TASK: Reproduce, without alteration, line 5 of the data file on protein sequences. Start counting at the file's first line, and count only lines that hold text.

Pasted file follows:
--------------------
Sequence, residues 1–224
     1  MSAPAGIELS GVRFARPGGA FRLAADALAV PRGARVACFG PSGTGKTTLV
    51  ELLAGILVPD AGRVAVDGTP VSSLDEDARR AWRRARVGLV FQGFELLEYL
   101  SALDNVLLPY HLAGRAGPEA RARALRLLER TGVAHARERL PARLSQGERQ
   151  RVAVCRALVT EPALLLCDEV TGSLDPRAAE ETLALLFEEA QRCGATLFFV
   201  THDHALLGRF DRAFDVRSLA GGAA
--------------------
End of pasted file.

   151  RVAVCRALVT EPALLLCDEV TGSLDPRAAE ETLALLFEEA QRCGATLFFV